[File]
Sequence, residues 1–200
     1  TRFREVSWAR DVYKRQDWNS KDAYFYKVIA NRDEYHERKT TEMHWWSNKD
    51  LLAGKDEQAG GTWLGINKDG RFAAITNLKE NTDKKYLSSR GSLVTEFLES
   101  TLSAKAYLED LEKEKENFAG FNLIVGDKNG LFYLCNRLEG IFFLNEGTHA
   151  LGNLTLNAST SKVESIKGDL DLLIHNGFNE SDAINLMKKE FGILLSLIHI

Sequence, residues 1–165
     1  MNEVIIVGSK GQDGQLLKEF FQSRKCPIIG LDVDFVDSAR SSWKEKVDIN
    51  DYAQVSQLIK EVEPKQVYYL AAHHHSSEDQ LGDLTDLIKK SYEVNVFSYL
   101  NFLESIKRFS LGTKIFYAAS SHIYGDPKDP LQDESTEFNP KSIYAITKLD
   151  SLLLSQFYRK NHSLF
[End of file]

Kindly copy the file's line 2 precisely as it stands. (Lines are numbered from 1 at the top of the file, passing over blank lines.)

     1  TRFREVSWAR DVYKRQDWNS KDAYFYKVIA NRDEYHERKT TEMHWWSNKD